- Hardcover: 320 pages
- Publisher: Pantheon; 1 edition (August 5, 2008)
- Language: English
- ISBN-10: 0375425330
- ISBN-13: 978-0375425332
- Product Dimensions: 6.4 x 1.2 x 9.6 inches
- Shipping Weight: 1.1 pounds (View shipping rates and policies)
- Average Customer Review: 13 customer reviews
- Amazon Best Sellers Rank: #2,674,671 in Books (See Top 100 in Books)
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Babylon Rolling: A Novel Hardcover – August 5, 2008
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A family from Minneapolis relocates to New Orleans one year before Katrina and settles on Orchard Street, partly because it offers a rich human gumbo of whites, blacks, Asians, and Tulane students. The family members want to revel in the diversity, but they also recoil at some of the differences they encounter. At the same time, the marital stresses between husband and wife are deepening. Babylon Rolling is a chronicle of life on Orchard Street during that year before disaster. It is an engaging and keenly observant book, a kind of literary block party in which the residents of Orchard Street come to life. Whether Boyden’s focus is on a black teenager who embarks on a career in the drug trade by dubbing himself Fearius, or on the Minnesota transplants’ reactions to their new home, or on the fierce heat and humidity, or the wondrous smells that waft from kitchens, or racial tensions, there is an honesty and bedrock reality to this novel that is never less than compelling. Boyden’s Pretty Little Dirty (2006) was a first novel of promise. Babylon Rolling fulfills that promise. --Thomas Gaughan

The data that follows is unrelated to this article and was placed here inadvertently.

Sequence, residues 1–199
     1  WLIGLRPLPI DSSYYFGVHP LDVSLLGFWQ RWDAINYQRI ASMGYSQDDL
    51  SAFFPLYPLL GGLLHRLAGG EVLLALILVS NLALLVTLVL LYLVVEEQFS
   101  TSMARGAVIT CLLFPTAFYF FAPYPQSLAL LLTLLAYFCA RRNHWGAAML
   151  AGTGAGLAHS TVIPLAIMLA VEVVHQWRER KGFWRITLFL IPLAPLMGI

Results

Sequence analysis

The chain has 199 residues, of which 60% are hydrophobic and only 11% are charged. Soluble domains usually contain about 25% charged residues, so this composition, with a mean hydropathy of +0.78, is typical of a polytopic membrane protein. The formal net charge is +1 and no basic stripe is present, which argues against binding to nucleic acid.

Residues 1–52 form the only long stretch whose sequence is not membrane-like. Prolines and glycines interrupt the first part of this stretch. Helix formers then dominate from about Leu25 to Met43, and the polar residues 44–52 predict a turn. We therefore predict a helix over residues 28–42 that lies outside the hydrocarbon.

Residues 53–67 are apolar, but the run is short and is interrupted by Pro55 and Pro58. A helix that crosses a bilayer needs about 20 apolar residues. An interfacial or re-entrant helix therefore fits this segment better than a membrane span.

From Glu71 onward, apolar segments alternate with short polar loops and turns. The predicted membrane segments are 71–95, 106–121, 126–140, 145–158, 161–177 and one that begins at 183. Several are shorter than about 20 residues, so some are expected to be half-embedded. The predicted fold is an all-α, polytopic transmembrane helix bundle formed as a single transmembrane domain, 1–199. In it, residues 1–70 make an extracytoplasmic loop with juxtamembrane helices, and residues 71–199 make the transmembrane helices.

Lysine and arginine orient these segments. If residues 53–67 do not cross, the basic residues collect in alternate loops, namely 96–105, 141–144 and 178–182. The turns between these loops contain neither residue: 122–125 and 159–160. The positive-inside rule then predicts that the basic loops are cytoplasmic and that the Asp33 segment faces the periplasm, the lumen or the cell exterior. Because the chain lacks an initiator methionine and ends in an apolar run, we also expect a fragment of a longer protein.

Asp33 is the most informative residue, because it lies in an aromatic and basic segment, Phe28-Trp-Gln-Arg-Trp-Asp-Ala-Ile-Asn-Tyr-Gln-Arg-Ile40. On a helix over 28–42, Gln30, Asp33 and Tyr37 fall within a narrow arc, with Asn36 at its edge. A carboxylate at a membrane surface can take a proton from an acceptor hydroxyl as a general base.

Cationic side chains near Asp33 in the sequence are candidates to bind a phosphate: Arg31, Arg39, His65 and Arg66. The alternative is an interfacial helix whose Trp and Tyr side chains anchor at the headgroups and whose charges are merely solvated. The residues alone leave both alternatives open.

ACCLAIM FOR AMANDA BOYDEN
“Set in the chaotic months surrounding a treacherous hurricane, Boyden’s second novel is an adroit, compulsively readable study of a city and the shared humanity that unites its diverse inhabitants.”
–People, four out of four stars
“Once in a great while, a novel comes along that makes you sit up and look around at your world and see it anew, in all its richness and complexity, as if you had just arrived there from a great distance. Amanda Boyden's second novel, Babylon Rolling, does that for New Orleans…. She surprises at every turn, seizing upon the way violence -- and joy -- can erupt in a moment. Babylon Rolling is many books in one -- a brilliant, nuanced portrait of pre-Katrina New Orleans; a passionate defense of the city; a clear-eyed critique of the problems that remain. Gracefully weaving together strands of race relations, food, music and Mardi Gras (‘Babylon rolls at 5:45, the paper said, Chaos at 6’), Boyden shoots right to the heart of a fabulous, flawed city. Her aim is true. In Babylon Rolling, as in life, New Orleanians stand and fall together, rescue one another and, in doing so, themselves.”
–Times-Picayune (New Orleans)
“Complex and compelling.... Boyden has so fully and generously imagined Orchid Street and its inhabitants. Her writing acknowledges the depth of race and class divisions... but she’s also aware of the ways people break out of their assigned roles.... From the stutter steps her characters take toward and away from one another, Boyden creates an engrossing dance.... The five story lines build into a terrifically vivid portrait of a city and its people.” –San Francisco Chronicle
“Few contemporary novels are, at their root, as compelling about the relationship between a city and the people who live there. Boyden’s Babylon Rolling is a love letter, sometimes sad, sometimes angry, sometimes beautiful, between New Orleans and five people who live on one of its streets.” –The Globe and Mail (Toronto)
“It is possible that New Orleans is the perfect setting for the post-9/11 American novel…. Like the characters in the gorgeous and tactile Babylon Rolling, our survival hinges on our ability to cope with the lack of a universal culture and common body politic, the truth that natural disasters and random violence are a fact of life.” –Mother Jones